Ramaphosa banks on ICT in SA's R100bn investment push
Information and communication technologies can be a vital cog in SA's ambitious R100 billion investment drive.
This was the message from president Cyril Ramaphosa when opening the International Telecommunication Union (ITU) Telecom World 2018 conference in Durban yesterday.
Organised by ITU Telecom, part of the ITU, the UN agency responsible for ICT-related issues, the event is a global platform for accelerating ICT innovations. It aims to deliver economic development and social good faster through its exhibition for digital solutions, forum for sharing knowledge, and networking hub connecting nations, organisations and individuals.
"It is an honour, as the government and the people of South Africa, to host this event for the first time on the African continent," said Ramaphosa.
SA recently embarked on an investment drive to attract $100 billion in new investment in the country over the next five years.
This is part of a broader effort to set the economy on a new path of growth, employment and transformation, Ramaphosa said.
"We will be holding an investment conference on 25-27 October, where we will showcase the country's lucrative investment offerings. We are determined that the ICT sector be an integral part of this investment drive, with a focus on infrastructure investment, e-commerce, local manufacturing of equipment, and innovation."
He noted that SA has demonstrated its capabilities in the development and deployment of ICT. "We expect that the investment conference will help to demonstrate the country's great potential."
According to Ramaphosa, there are currently 20 million South Africans who do not use the Internet for a range of reasons such as unaffordable data prices, lack of Internet-enabled devices and lack of access.
However, he pointed out that about 87% of households in SA have access to mobile phones, presenting the country with a great opportunity to overcome digital exclusion and drive inclusive growth and innovation.
He added that government recently decided to accelerate the licensing of the radio frequency spectrum in the 2.6GHz, 700MHz and 800MHz bands to hasten the growth of mobile communications.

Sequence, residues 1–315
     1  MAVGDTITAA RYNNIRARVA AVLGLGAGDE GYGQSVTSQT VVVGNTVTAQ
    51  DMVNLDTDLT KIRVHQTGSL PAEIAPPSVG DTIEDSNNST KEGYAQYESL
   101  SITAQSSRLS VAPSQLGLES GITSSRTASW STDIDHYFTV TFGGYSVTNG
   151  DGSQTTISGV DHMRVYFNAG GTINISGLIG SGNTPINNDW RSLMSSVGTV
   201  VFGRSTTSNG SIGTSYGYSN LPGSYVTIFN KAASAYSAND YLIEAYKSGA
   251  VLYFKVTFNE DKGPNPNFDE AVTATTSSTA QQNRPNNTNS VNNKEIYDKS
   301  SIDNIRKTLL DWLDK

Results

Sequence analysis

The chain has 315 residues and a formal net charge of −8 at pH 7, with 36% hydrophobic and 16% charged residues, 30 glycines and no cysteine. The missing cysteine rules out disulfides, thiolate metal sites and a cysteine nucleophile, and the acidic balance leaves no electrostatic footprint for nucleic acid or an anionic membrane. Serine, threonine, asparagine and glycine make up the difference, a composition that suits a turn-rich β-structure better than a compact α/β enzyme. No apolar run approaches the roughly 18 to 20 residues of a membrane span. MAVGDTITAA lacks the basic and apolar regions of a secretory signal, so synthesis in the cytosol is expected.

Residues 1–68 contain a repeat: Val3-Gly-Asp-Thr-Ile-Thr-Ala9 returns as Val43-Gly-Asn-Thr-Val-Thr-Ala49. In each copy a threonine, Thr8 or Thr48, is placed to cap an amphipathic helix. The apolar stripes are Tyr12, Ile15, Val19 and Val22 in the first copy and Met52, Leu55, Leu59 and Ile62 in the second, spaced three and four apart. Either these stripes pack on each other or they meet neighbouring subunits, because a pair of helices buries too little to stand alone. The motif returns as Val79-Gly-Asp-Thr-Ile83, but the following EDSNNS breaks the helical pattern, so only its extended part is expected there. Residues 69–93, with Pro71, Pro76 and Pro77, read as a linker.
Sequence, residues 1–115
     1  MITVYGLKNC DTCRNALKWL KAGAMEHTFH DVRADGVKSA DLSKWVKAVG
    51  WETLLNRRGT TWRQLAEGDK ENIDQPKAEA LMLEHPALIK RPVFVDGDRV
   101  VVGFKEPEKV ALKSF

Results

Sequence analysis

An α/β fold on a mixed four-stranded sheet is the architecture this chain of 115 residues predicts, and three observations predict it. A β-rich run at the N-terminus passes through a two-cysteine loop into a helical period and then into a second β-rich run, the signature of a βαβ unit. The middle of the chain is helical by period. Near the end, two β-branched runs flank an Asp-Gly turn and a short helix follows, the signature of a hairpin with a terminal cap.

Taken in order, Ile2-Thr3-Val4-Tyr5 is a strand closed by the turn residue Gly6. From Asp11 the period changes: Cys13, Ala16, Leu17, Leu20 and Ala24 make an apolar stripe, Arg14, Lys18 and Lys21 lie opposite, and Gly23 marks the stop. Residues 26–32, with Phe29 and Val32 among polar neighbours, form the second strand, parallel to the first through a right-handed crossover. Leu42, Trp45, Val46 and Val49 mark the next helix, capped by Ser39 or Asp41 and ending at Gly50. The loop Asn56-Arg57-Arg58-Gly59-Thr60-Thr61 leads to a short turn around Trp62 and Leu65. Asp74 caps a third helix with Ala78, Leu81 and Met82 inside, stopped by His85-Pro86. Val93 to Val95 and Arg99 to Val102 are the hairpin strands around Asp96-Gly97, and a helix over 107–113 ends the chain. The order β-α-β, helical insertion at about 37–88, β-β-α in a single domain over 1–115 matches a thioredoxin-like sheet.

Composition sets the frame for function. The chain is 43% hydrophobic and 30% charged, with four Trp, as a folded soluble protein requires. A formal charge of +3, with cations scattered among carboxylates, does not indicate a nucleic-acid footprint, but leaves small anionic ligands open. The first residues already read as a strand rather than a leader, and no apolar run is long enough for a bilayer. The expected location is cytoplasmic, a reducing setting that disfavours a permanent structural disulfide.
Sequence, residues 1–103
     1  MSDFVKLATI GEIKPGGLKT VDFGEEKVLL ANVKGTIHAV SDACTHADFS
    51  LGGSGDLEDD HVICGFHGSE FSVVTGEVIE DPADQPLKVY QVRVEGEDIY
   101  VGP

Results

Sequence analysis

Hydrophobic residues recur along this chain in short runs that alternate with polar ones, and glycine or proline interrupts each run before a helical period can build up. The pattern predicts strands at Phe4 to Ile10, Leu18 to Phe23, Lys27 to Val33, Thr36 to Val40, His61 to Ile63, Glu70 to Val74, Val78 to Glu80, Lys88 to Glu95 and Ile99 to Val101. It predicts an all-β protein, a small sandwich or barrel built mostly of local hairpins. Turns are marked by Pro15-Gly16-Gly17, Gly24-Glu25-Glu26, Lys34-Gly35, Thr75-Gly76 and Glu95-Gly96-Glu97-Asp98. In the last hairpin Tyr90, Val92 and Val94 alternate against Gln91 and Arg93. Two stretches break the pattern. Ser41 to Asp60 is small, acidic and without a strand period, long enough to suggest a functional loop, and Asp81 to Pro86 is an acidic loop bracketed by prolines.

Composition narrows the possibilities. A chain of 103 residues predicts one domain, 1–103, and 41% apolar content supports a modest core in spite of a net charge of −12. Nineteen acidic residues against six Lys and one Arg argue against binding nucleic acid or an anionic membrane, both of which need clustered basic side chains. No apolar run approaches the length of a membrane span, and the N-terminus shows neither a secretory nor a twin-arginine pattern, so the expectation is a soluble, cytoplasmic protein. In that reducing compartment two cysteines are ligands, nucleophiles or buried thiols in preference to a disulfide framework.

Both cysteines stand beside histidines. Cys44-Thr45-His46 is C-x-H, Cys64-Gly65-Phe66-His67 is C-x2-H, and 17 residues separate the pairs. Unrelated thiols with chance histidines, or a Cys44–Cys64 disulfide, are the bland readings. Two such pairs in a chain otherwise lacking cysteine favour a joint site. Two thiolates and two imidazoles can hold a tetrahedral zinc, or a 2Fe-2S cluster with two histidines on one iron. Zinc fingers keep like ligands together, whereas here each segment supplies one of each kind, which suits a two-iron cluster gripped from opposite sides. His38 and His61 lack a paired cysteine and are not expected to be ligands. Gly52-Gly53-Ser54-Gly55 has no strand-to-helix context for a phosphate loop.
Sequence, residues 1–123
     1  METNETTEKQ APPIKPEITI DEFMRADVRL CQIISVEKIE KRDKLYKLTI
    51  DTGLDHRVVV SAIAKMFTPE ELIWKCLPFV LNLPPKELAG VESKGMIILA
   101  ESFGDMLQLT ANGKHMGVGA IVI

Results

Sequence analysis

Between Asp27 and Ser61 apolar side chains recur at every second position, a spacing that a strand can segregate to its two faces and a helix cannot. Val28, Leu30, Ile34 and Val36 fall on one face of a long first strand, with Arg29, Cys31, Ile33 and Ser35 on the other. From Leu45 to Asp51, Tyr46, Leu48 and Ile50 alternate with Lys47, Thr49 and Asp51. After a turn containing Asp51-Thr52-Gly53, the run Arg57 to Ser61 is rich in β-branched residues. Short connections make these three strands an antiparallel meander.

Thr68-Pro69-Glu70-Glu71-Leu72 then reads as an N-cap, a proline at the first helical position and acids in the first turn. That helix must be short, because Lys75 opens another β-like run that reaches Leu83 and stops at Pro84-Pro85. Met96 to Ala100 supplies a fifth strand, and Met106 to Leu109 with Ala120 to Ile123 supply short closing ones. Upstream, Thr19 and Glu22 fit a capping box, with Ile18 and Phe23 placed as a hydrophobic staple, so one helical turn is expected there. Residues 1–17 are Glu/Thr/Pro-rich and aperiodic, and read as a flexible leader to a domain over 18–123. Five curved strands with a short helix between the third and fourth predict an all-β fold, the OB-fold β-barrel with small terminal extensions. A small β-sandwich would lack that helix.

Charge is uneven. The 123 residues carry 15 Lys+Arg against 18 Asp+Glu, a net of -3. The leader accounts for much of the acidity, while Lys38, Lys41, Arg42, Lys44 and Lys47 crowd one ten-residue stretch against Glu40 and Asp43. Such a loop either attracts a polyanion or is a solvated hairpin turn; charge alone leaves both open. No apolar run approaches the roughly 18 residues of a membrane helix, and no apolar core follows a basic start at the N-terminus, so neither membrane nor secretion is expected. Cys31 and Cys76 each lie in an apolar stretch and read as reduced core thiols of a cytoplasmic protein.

"We have finalised consultations with the telecommunications industry and other stakeholders to ensure allocation of spectrum reduces barriers to entry, promotes competition and reduces costs to consumers."
He noted that following a Cabinet decision last month, telecommunications regulator, ICASA, is now preparing to license available high-demand spectrum.
"In addition, we have begun work in preparation for 5G spectrum licensing as part of our efforts to build a smarter digital economy."
He also pointed out that earlier this year, SA announced plans to establish a Digital Industrial Revolution Commission to ensure the country is in a position to seize the opportunities of the rapid advances in ICT.
"We are informed by research that associates investment in ICTs with such economic benefits as higher productivity, lower costs, new economic opportunities, job creation, innovation and increased trade. Information and communication technology also helps provide better services in health and education and strengthens social cohesion.
"Our work in this area coincides with agreement on the establishment of an African Continental Free Trade Area, which will create a single market of over a billion people."
Ramaphosa pointed out that at the Plenipotentiary of the African Telecommunications Union held last month in Nairobi, SA was mandated to lead a five-country committee to co-ordinate the development of the continental response to the fourth industrial revolution.
"This is a task that we undertake in support of the African Union's Agenda 2063, which seeks a continent with diverse and inclusive economies, advanced infrastructure and a skilled and capable population. In promoting this vision, we see a key role for technology."
According to Ramaphosa, SA continues to champion the Internet as a tool for social and economic development.
"We support universal broadband and universal broadcasting to connect all citizens and ensure they have access to information. Most recently, we have advocated for the safety of ICT infrastructure and secure use by all online."
Important to Africa and developing countries, he said, is the need for countries to share manufacturing and localisation opportunities to allow equal access and shared growth throughout the world.
"We support equitable access to global ICT resources such as orbital slots, satellites and governance of the Internet.
"It is our task to ensure the fourth industrial revolution improves the human condition and that no one is left behind. It is our task to ensure this digital revolution responds to the needs of the developing world. It must assist in overcoming unemployment, not exacerbate it. It must bridge the digital divide, not widen it.
"It must employ the latest in communications technology and data analytics to solve some of the world's greatest development challenges."
Ramaphosa believes that as economies become increasingly dependent on ICT, it is critical that governments work more closely with industry to maximise the value of digital innovations.
It is equally critical that both government and industry develop effective collaborative relationships with the communities they are both expected to serve, he said.
"It is such relationships that are required, for example, for the accelerated rollout of broadband in areas that are generally seen as not being economically viable. And yet, the presence of broadband in such areas is vital for the viability of the economy.
"The rapid expansion of broadband reach and accessibility is a priority in South Africa because it is a key determinant of economic inclusion."